Weekly Word

Entries in Servant (3)

Tuesday
Apr182017

Jesus, The Suffering Servant

Isaiah 53:1-12.  This sermon was preached by Pastor Marty Bonner on Resurrection Sunday, April 16, 2017.

The death and the resurrection of Jesus is one of the most substantiated facts from ancient history.  So generally it is not because of the facts that people reject its veracity.  On one hand it seems impossible to our minds, especially in this modern age.  On the other hand, if it is true, then I would have to admit that I am a sinner and guilty before a holy and just God.  Thus this moral claim upon a person’s life is not always acceptable. 

Written about 700 years before the life of Jesus, our passage today is mid-stream in a series of visions and revelations that God gave to Isaiah.  The truth that Isaiah reveals was and still remains a shocking thing regarding the Messiah.  The Messiah was to be the Anointed One that God would send to save Israel and eventually the whole world.  Israel had been waiting for this heaven sent savior and had given lip service to the promise since at least 700 years before Isaiah.  Thus Isaiah makes several things clear:

  • God would be faithful to send the Messiah.
  • But Israel would not be faithful to receive Him.

The story doesn’t end there because God always has the last word.  Thus the unjust death of Jesus becomes the means by which we can be saved from our sins, and even more, that we can become the children of God.  Romans 5:8 says, “But God demonstrates His own love toward us, in that while we were still sinners, Christ died for us.”  Yes, Jesus would be rejected.  But our Lord’s acceptance of this rejection becomes the very demonstration of God’s love for us.  He cares even for the sinner, and makes a way back to Him for those who will yield to the graceful drawing of the actions of His Son and the work of His Holy Spirit.  So let’s look at this passage in Isaiah 53, where we see God’s Anointed One coming forth as the Suffering Servant.

His Life, vs. 1-4

Isaiah starts out verse 1 with the question, “Who has believed our report?”  This question is somewhat rhetorical. The rejection of Jesus makes sense when we see it on the backdrop of the lives of the prophets who predicted his coming.  They were generally rejected during their lives and many times killed by the leaders of Israel.  Later, after their word proved to be true, they honored them as prophets and kept their words.  This highlights a strange tension within us as humans.  We want a word from God, but we tend not to like what we hear.  So there has been an ever-present conundrum that God is faithful to speak and reveal Himself to mankind, but our flesh tends to push back against what He has to say.  There is a sense of frustration in Isaiah as he opens up this passage.  He has an unbelievable revelation to make clear to His people.  Yes, the Messiah would come, but we will mistreat Him and put Him to death.  Jesus came as the final word of God before Judgment Day.  Christians carry on this tradition of speaking this final word to the rest of the nations.  Here we too see a somewhat stormy welcome.  So let’s face the reality that our natural self doesn’t want to believe the message of Jesus.  We need to have our eyes and ears opened spiritually before we can see who Jesus really is.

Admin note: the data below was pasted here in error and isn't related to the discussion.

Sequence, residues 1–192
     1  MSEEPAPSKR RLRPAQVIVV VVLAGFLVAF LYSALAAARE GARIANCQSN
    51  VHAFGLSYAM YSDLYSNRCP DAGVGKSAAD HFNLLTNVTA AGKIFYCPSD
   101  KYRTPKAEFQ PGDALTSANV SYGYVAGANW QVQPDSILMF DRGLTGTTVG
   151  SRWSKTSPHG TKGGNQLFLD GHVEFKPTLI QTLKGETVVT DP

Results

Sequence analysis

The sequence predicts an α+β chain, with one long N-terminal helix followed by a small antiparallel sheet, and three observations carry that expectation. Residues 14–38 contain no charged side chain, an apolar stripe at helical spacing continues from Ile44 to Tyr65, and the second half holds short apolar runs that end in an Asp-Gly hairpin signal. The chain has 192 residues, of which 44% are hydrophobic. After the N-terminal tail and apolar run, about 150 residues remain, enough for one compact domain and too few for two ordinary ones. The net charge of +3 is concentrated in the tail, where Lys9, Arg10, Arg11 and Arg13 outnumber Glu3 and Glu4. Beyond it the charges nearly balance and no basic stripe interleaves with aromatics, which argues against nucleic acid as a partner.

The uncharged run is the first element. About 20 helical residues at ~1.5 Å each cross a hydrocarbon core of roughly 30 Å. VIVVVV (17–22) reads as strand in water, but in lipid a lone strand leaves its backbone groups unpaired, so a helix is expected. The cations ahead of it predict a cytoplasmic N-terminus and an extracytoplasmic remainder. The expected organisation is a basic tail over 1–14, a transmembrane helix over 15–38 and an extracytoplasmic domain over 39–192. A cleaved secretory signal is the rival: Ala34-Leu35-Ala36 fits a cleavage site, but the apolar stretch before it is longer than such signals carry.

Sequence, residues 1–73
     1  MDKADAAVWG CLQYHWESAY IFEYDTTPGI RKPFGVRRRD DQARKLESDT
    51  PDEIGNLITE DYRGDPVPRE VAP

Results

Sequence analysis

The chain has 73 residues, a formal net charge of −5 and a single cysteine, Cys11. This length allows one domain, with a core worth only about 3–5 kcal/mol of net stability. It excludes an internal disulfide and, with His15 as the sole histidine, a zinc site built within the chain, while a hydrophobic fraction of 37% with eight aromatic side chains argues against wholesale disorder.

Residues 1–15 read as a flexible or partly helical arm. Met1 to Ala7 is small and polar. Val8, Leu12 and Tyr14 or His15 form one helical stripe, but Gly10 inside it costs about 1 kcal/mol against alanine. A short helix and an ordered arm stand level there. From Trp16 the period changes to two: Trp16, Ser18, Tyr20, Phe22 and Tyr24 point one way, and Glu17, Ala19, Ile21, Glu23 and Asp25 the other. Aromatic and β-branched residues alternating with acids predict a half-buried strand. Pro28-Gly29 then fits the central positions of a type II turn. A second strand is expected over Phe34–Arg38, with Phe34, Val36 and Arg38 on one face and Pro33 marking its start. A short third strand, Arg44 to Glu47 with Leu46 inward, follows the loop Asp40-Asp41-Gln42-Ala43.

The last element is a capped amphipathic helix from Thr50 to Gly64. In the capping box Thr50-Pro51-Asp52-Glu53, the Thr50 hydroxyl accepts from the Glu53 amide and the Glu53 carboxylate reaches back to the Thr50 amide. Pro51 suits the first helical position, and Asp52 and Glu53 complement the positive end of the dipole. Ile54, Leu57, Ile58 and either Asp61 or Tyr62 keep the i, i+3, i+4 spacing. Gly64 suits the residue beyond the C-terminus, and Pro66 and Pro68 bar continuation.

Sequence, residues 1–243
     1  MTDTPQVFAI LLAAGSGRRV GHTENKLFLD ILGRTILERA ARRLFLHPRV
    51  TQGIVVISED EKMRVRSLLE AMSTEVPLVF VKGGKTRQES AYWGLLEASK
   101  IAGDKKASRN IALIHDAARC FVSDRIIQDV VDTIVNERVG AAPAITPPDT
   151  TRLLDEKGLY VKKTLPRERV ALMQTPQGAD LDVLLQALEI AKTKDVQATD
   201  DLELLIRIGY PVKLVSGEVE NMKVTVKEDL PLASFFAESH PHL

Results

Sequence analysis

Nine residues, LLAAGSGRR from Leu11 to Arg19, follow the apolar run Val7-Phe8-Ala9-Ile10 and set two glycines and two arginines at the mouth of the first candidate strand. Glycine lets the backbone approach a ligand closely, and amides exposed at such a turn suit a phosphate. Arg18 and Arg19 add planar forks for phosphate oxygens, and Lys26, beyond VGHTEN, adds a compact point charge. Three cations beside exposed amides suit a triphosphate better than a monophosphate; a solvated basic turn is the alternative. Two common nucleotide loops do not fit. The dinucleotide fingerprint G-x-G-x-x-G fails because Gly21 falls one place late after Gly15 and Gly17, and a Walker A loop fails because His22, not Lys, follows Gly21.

In verse 2 Isaiah uses the image of a tender plant growing out of a hardened desert.  This spiritual imagery shows Israel to be a place devoid of any moisture.  Typically it is strong, prickly plants that can endure in such harsh environments.  However, the Messiah would be like a tender plant.  Somehow it miraculously grows in this harsh environment.  He is not what they expected.  He was humble, gentle, and not on the warpath against Rome.  Or, at least, he wasn’t in the way they expected.  Even today we must recognize that Jesus is not what most people are looking for.  We want something that changes the world and its systems they way that we want it, rather than a humble, gentle Jesus.

Isaiah goes on to point out that the Messiah would be without physical attractiveness.  One of the weaknesses of mankind is that we are easily drawn by that which is outwardly extraordinary.  We want to be on the team of the powerful athlete, the savvy business person, or the beautiful and glamorous of this world.  This is not meant to be a slam against those who find themselves to be powerful and beautiful externally.  Rather, it is a recognition of how easily we are seduced by that which is beautiful on the outside, and yet, a world of horrors on the inside.    We are often seduced by that which is strong and powerful on the outside, and yet, filled with every weakness imaginable on the inside.  So don’t get Isaiah wrong.  Jesus is strong and beautiful, powerful and desirable.  But these were all internal virtues.   God was not sending a Greek demi-god to wow the crowds and win them over through external, fleshly means.  God refuses to seduce mankind, or deceive mankind into following Him.  He presents the Messiah in a way that stands all the hopes of our flesh on their head, and forces us to turn away from them.  Of course, Satan and the world that he controls has no problem manipulating us in these ways.